Action on building violations
The end of the six-month grace period granted to those violating building regulations is just a month away, and the government is adamant that all buildings put up in violation of the regulations will be demolished along with all buildings built illegally on agricultural land.
During the inauguration of various projects in Alexandria on Saturday, President Abdel-Fattah Al-Sisi said some 700,000 building violations had been recorded, with only 10 per cent of their perpetrators having sought a solution with the state.
He said that building violations on agricultural land and unplanned buildings were two significant problems facing the country. Violations that took place in the past had been the result of negligence by officials, he said, and the state would bear the cost of righting any wrongs.
There were some 12 per cent of illegal structures in 2014, but these had increased to 37.5 per cent this year, Al-Sisi said.
The state removed 10,844 buildings built illegally on 2.7 million square metres of land and 3,885 constructions built illegally on 209,414 feddans of agricultural land between 8 July and 28 August, the Ministry of Local Development said on Saturday.
A law was issued last year that allowed violators to rectify the status of their buildings unless they were structurally unsound or violated approved planning regulations. Violations in buildings built to special architectural designs cannot be rectified and nor can those giving rise to buildings above heights specified by the Civil Aviation Authority.
Some 688,000 people nationwide had applied for buildings to be rectified up until 21 August, and the state had collected LE3.8 billion from violators up to 18 August.
At a cabinet meeting on Monday, Prime Minister Mustafa Madbouli said the grace period for building violations would not be extended and that starting in early October illegal structures that had not been subject to applications for rectification would be immediately removed.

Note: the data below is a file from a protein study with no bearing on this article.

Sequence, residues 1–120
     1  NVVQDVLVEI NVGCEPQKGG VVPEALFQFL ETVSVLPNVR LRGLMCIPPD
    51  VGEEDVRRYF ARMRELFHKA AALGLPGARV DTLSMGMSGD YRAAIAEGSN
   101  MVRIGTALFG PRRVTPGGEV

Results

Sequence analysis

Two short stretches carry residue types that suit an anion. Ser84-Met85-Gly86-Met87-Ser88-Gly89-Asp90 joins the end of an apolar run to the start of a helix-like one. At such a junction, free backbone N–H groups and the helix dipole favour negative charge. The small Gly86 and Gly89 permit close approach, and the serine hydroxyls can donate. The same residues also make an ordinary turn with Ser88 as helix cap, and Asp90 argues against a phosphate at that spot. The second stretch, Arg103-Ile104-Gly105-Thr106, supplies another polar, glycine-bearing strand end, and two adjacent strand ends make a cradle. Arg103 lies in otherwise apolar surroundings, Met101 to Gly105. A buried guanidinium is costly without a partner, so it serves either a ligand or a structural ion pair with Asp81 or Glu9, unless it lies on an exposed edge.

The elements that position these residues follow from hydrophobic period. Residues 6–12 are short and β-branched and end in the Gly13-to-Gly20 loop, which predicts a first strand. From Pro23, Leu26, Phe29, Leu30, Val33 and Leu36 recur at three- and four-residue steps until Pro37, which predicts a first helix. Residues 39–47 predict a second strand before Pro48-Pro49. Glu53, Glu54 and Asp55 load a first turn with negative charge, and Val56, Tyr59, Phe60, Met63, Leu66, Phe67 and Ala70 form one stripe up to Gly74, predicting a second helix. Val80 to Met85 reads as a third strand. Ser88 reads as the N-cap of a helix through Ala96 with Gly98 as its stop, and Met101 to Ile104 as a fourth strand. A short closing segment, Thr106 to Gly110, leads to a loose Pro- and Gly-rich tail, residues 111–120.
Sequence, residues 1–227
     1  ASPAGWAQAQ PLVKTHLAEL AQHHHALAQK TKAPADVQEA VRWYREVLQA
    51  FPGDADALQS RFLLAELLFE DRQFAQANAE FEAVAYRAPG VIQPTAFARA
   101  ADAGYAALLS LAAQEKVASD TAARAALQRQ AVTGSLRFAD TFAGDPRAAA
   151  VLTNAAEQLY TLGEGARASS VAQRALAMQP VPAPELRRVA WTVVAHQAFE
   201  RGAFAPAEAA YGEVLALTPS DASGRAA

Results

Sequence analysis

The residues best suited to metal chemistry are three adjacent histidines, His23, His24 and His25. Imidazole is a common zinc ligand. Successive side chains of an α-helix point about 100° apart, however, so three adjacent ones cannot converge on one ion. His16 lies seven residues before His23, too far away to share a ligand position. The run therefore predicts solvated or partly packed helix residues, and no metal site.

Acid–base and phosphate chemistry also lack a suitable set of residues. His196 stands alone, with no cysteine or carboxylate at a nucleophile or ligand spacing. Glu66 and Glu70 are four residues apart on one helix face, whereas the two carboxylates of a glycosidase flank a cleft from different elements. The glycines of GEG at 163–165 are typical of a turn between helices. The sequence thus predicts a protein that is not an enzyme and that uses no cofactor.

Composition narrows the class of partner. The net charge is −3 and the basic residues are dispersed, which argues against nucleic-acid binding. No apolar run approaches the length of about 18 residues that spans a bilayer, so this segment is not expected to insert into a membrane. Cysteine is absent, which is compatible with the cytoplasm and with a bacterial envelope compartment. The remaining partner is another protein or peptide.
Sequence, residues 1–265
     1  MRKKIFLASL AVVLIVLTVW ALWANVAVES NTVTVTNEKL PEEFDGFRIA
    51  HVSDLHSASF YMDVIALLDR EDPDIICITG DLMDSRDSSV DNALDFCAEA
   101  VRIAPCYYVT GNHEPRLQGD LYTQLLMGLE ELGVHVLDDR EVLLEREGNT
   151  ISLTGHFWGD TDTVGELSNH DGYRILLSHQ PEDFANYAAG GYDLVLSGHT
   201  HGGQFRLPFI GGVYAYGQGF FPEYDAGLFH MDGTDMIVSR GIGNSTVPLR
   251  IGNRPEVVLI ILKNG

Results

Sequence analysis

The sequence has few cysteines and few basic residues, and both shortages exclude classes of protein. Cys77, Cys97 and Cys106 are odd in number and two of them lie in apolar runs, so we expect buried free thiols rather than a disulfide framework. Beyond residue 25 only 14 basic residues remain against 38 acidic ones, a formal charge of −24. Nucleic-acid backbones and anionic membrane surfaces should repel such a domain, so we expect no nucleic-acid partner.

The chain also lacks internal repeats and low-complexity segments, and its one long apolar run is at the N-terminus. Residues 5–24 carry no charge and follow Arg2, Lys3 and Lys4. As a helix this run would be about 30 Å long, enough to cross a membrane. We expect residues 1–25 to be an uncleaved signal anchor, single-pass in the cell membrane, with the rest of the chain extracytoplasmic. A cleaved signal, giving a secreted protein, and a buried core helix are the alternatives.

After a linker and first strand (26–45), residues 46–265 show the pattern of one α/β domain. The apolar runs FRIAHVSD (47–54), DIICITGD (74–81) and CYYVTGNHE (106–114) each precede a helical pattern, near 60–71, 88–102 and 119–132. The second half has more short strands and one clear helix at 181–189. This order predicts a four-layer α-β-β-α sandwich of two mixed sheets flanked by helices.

However, Raafat Shemis, head of the Technical Inspection Authority that follows up on construction in Egypt, said that the new law was “a legal birth certificate for illegal construction”. Those violating building regulations could apply to have their buildings rectified under the law, he said, meaning they could legally register their buildings and acquire financing.
According to the law, applications are presented to the municipality in which an illegal building has been built. After the payment of fees by its owners, these varying from one area to another, the applications are examined.
If accepted, the building must be painted, and a committee assesses the rectification fee required, which ranges from LE50 to LE2,000 per square metre.
Following the application for rectification, building owners receive a certificate halting any court hearings or rulings against their buildings. Violators can pay 25 per cent of the rectification price and pay the rest in installments.
The law was amended in early 2020 to end problems in its application. The ministry of housing said some administrative bodies had requested violators to present documents not stated in the law, while others had not issued certificates halting legal procedures and fines. Some had been over-hasty in removing illegal buildings.
Ahmed Samir, an advisor at the Egypt Centre for Economic and Strategic Studies, a think tank, said that prior to 2014 there were some 6.4 million feddans of agricultural land in Egypt. About 30 per cent of Egypt’s workforce works in agriculture, he said.
The loss of agricultural land to illegal construction can lead to rising food prices and the need to import more food, adding pressure on the currency and threatening food security.
There were some 1.9 million encroachments on agricultural land from 2011 to 2019. According to figures from the ministry of local development announced in July, around 2,200 encroachments were removed and around 17,500 feddans of land were returned to agricultural use.
Some 19,600 building violations on 4,500 feddans of agricultural land were removed.
*A version of this article appears in print in the 3 September, 2020 edition of Al-Ahram Weekly